I had some fancy Ceylon cinnamon rattling around in the cupboard just begging to be baked into this recipe. According to Penzey's Spices — a great place to order hard to find spices — there are two main types of cinnamon. The first, Cassia cinnamon, is native to Southeast Asia and has the strong, spicy-sweet flavor that most Americans are familiar with. The second type of cinnamon, Ceylon, or "true" cinnamon, has a much different flavor — less sweet, with a more complex, citrus flavor. They recommend using Ceylon cinnamon for baked goods and it was perfect in these buttery, luscious cinnamon rolls. But feel free to use whatever cinnamon you have on hand — they're sure to be tasty!
Ceylon Cinnamon Rolls
Adapted from Whipped
1 c. warm milk (heated over medium heat for 4-5 minutes)
1/4 c. lukewarm water (110º F)
1 tsp pure vanilla extract
1/2 c. butter, room temperature
2 eggs, room temperature and beaten
1/2 tsp salt
1/2 c. sugar
5 c. bread flour
3 tsp instant active dry yeast (Often marked Rapid Rise)
1/2 c. butter, melted or softened
1 c. firmly-packed brown sugar
4 to 5 Tb ground cinnamon
3/4 to 1 c. chopped walnuts (optional)
2 oz. cream cheese, room temperature
1/4 c. butter, room temperature
1 c. powdered (confectioners) sugar
1/2 tsp pure vanilla extract
In a large bowl or in the bowl of a stand mixer, combine all the ingredients in the order given — except Filling and Frosting ingredients. Using a dough hook, mix everything together until a soft dough forms.
Turn the dough out onto a lightly oiled surface (You don’t want to add more flour if it is sticky), and knead until elastic — about 10 minutes. Place in a large, lightly oiled bowl and cover with plastic wrap. Let rest for 10 minutes.
Meanwhile, butter a 9×13x2 inch baking pan; set aside. Combine the cinnamon and sugar for the filling in a separate bowl.
After dough has rested, roll and stretch the dough into approximately a 15×22.5-inch rectangle. (This is quite large — you might want to actually measure rather than eyeball it.) Spread the softened butter over the top of the dough with a rubber spatula. (If you use melted butter, use a pastry brush and be sure your surface is pretty level or it will pool unevenly.)
Sprinkle the cinnamon filling over the butter. Sprinkle chopped nuts over the cinnamon filling. Starting with long edge, roll up dough jellyroll style; pinch seams to seal.
With a knife, lightly mark off fifteen sections approximately 1 1/2-inches wide. Using a serrated knife, saw very gently into pieces. Place the slices cut side up in prepared pan — you should have three rows of five. The unbaked cinnamon rolls should not touch each other before rising and baking. Do not pack the unbaked cinnamon rolls together.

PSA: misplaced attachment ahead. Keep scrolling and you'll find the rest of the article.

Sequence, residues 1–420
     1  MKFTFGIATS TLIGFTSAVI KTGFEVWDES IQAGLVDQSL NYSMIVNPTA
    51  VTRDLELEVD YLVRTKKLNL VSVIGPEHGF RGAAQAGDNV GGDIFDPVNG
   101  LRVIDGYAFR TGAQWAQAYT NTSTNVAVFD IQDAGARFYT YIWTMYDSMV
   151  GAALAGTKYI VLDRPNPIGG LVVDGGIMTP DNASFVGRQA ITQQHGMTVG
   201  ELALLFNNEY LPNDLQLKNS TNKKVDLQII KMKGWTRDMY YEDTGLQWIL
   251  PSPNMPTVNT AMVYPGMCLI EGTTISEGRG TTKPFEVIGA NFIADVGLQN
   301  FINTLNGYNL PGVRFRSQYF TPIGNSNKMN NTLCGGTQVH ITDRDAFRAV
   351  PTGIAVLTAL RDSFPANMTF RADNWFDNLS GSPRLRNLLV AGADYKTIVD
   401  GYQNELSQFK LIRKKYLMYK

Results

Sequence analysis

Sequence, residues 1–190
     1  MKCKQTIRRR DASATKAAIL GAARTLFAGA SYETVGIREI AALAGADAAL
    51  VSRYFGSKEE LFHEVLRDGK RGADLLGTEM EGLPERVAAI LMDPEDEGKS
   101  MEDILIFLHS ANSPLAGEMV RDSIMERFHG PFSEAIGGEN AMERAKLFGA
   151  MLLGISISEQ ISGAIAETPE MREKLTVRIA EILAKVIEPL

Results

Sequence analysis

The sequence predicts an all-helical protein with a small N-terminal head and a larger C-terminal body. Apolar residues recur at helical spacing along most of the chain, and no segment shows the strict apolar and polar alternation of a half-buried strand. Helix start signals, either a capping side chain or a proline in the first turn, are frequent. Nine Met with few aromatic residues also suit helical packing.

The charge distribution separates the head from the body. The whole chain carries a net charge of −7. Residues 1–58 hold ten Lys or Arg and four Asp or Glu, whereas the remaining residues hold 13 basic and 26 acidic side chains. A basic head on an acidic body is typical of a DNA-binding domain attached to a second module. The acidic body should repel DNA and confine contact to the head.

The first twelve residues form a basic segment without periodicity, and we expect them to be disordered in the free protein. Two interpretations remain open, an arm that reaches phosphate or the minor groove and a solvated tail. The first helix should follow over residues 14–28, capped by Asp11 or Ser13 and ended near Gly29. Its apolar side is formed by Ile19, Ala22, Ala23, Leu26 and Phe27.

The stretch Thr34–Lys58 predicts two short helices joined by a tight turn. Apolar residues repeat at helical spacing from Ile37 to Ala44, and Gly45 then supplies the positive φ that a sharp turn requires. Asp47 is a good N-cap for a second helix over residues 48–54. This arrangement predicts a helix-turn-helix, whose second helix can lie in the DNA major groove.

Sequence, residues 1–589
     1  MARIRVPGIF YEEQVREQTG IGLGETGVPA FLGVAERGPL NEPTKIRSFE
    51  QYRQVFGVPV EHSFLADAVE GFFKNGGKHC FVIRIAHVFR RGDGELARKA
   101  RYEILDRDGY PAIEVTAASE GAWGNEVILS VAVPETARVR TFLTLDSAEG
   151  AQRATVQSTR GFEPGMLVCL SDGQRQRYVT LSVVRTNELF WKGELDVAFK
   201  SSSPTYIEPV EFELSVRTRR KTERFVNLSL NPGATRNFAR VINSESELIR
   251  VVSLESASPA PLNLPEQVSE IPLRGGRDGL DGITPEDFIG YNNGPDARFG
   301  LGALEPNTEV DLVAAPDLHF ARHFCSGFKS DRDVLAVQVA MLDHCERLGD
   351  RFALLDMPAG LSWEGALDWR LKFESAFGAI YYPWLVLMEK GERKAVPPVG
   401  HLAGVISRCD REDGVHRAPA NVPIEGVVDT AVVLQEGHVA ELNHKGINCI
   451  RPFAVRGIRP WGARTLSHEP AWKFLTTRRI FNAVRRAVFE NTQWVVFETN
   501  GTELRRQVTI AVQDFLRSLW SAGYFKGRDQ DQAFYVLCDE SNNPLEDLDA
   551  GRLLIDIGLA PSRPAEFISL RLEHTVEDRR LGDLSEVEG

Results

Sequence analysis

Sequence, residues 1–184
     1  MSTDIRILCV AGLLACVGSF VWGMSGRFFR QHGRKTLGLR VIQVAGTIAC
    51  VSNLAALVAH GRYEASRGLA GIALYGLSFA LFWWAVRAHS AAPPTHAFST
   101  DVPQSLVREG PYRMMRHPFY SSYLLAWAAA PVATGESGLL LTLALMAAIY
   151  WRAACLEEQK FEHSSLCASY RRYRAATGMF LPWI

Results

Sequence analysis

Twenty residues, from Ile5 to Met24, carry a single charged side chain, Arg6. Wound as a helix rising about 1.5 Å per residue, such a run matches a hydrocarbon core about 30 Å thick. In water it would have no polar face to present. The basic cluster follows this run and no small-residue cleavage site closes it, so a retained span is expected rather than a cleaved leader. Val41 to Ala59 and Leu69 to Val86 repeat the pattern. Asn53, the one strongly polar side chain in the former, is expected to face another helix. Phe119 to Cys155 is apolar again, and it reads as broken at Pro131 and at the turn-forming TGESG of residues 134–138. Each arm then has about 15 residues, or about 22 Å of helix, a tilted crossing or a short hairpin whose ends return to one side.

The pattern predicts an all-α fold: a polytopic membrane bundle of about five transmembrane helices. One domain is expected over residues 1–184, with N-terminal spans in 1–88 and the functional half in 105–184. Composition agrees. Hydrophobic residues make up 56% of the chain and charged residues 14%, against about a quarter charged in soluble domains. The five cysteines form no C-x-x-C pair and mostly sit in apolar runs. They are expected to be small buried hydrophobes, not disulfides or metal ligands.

To bake immediately: cover and let rise in a warm place for approximately 45 to 60 minutes or until doubled in size (after rising, rolls should be touching each other and the sides of the pan).
To bake the next morning: Put them in the refrigerator covered. They will rise slowly overnight. Put them into the oven the next morning and follow below cooking instructions.
To freeze: Wrap in plastic wrap. Take them out the night before baking and leave out of the fridge. Allow them to thaw and rise before baking.
Preheat oven to 350ºF. Bake approximately 20 to 25 or until they are a light golden brown. Spread the warm rolls with Butter Frosting.
Cream Cheese Frosting
In a medium bowl, combine the cream cheese and butter with a wooden spoon until creamy. Add the powdered sugar and vanilla extract and mix until creamy. Refrigerate frosting until ready to use and then bring to room temperature before spreading.
I whipped these together Saturday afternoon and left them in the fridge overnight. I had the frosting ready to go, too and then just popped them into the oven Sunday morning. The smell was heavenly and I got to sit back and enjoy my coffee while they baked — the perfect Sunday morning activity!
Stay tuned for more spiral baking adventures this week!